This exhibition is part of the Satellite Programme 2019: The New Sanctuary curated by Laura Herman.
In The Arcadia Center, the second episode of The New Sanctuary, Ben Thorp Brown proposes a kind of wellness center responding to the politics of our times. Comprising a sound piece (Exercise, 2019), a sculpture (Shrine, 2019), and a newly commissioned film (Cura, 2019), The Arcadia Center is imagined as a speculative training space for a world that needs to restore its empathic abilities.
Exercise is a sound piece inspired by Dr. Helen Riess’s curriculum to train doctors and nurses in empathic care, in which those attending are invited to participate in an “empathy training exercise.” Shrine, a sculpture made out of glass and roses of Jericho, also known as resurrection plants, evokes both the fragility of organic life and the potential for its survival. In the adjacent room, Cura, an immersive video installation, features the Richard and Dion Neutra VDL Research House II on Silver Lake Reservoir in Los Angeles.
Adopting the form of an Arcadian sanctuary, where dwellers can enjoy an idyllic, timeless existence, The Arcadia Center calls for an architectural experience inspired by ancient mythology and the fields of psychology and neuroscience. The exhibition highlights the interplay of interpersonal and environmental forces, prompting the empathic imagination to reconnect with people, animals, and the natural world.
Ben Thorp Brown (born 1983, New York) lives and works in Brooklyn, NY. He attended the Whitney Museum Independent Study Program, and is a graduate of Williams College and the School of the Art Institute of Chicago. His recent work has been presented at the St. Louis Art Museum and in following exhibitions: Dreamlands: Immersive Cinema and Art, 1905-2016 (Whitney Museum, New York), Greater New York (MoMA PS1, New York), 24/7. the human condition (MAK – Austrian Museum of Applied Arts, Vienna Biennale) and Chance Motives (SculptureCenter, New York), as well as in film festivals such as The New York Film Festival and Rotterdam International Film Festival. He has received awards from the Creative Capital and the Graham Foundation, and was an artist in residence at the Chinati Foundation in Marfa, Texas.
The Arcadia Center received the support of Creative Capital
Each year, the Satellite Programme is entrusted to an independent curator, charged with designing and organizing three exhibitions at the Jeu de Paume. For this edition, the Jeu de Paume continues its partnership with the CAPC musée d’art contemporain de Bordeaux and the Museo Amparo, Puebla, Mexico.
The exhibitions of the Satellite Programme are accompanied by three publications. Each year independent graphic designers are invited to create the graphic or visual identity of the three catalogues associated with the programme of exhibitions. The graphic design for Satellite 2019 was done by Groupe CCC (Alice Gavin and Valentin Bigel).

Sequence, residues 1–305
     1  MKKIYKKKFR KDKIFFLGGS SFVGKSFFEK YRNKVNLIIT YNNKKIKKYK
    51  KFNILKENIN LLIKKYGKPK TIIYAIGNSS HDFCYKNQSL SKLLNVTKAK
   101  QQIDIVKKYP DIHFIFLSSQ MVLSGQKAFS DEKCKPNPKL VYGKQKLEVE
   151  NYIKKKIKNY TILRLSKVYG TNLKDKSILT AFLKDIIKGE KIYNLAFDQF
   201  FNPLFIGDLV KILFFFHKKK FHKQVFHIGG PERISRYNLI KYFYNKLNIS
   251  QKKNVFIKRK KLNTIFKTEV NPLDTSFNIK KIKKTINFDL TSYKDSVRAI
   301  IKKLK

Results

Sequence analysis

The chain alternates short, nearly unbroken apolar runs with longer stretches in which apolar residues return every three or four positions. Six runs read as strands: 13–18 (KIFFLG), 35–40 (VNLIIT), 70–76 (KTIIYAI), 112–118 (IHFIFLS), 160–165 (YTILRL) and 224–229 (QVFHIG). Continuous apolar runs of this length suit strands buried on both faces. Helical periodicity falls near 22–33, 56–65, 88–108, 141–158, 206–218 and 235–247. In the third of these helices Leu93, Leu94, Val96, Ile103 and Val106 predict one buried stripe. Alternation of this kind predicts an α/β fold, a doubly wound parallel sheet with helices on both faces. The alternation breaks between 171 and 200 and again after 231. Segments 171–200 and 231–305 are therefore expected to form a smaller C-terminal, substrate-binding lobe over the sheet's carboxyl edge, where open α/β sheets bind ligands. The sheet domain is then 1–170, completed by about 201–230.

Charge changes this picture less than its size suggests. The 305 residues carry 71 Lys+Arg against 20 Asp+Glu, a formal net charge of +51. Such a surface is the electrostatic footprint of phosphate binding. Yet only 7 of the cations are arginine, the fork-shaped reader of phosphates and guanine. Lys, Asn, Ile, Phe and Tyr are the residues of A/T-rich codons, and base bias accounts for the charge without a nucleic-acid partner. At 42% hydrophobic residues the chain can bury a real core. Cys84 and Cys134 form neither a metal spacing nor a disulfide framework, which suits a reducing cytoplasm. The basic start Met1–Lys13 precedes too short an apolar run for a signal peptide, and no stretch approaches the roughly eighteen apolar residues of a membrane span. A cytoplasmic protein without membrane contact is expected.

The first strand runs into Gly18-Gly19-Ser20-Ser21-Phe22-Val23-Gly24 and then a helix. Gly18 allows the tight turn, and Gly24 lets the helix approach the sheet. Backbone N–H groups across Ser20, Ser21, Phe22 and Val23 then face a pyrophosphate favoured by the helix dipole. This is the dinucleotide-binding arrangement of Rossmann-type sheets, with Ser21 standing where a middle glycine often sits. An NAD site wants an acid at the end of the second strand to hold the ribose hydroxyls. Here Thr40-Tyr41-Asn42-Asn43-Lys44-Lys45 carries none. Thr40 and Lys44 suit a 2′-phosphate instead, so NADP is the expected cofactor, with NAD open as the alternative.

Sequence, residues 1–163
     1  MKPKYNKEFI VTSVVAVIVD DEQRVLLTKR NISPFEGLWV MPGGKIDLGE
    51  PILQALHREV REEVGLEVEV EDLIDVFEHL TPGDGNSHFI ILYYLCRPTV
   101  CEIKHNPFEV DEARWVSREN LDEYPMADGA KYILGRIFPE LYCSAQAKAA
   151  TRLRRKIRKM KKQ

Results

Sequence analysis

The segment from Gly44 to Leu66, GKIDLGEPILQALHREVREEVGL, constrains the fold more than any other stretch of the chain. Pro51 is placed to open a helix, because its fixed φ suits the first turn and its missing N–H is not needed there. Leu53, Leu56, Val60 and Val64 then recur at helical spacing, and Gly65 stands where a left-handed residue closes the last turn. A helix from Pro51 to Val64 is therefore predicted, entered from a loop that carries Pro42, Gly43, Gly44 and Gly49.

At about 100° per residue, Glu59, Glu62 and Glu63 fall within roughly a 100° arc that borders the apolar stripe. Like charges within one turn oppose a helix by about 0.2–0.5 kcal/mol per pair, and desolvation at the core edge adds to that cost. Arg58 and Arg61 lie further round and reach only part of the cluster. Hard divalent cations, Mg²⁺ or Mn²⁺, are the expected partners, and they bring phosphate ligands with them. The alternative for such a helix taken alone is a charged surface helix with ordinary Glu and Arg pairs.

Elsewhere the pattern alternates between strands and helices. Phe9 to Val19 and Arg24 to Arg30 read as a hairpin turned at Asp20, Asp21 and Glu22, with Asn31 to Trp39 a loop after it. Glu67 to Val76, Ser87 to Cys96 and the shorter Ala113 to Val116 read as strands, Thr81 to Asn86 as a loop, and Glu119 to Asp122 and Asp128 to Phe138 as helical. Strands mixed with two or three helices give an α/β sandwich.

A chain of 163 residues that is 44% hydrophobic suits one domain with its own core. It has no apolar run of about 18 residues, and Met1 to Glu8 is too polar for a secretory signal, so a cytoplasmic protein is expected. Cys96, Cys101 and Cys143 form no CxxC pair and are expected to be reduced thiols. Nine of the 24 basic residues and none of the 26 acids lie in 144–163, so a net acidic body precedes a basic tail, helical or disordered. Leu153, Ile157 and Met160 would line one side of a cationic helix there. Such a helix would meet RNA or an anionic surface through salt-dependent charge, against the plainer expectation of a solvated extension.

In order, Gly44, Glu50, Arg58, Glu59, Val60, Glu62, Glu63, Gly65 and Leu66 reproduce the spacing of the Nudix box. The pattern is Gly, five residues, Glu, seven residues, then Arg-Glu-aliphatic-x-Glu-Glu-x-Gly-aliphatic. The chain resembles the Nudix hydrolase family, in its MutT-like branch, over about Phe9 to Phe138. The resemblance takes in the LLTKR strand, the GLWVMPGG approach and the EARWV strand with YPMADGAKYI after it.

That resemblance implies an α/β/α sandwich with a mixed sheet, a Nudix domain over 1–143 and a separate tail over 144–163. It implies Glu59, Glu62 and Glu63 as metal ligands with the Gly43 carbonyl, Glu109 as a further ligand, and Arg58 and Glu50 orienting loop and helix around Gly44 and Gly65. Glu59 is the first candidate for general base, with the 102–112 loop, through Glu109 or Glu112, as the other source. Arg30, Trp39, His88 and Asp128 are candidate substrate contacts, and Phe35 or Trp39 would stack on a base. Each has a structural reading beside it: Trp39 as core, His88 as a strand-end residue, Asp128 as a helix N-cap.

Satellite 2019 : The New Sanctuary
How does space determine the way we feel? Predicated on a sense of a threatening and hostile environment, one of the basic definitions of architecture is the provision of shelter and comfort for the human body. The common idea of dwelling as “surrogate skin” stems from Gottfried Semper, who described the animal pen, made of woven skins and leaves, as the origin of architectural “private” space.
Today, this understanding of architecture as an enveloping spatiality, the modern desire to provide a place of refuge, no longer holds. Social, technological, demographic and environmental change has increasingly led to the management of the environment, the standardisation of lifestyles, the displacement of people due to conflict, persecution and gentrification, the surveillance of “private” sites of living, and ultimately the negligence of the body and the senses.
Designing spaces of belonging and fostering safe and hospitable environments remain some of the biggest issues in contemporary architecture. If we are to reconsider architecture as the meeting point between different cultural references, practices, rituals, desires and needs, how do we imagine a sanctuary space for today’s world? The New Sanctuary proposes newly commissioned works by Julie Béna, Ben Thorp Brown and Daisuke Kosugi, who from the perspective of their individual practices, consider the capacity of the designed environment to host, care and engage with different bodies and the senses. The three exhibitions in this series bring no simple stories of architecture but underline the complexity of ever-changing ideas about how we (are) live(d).
Curator: Laura Herman
– – – –
Exhibition co-produced by the Jeu de Paume, the CAPC musée d’art contemporain de Bordeaux and the Museo Amparo, Puebla, Mexico.
The Friends of the Jeu de Paume and the Friends of the CAPC contribute to the production of artworks and the publications for the Satellite Programme.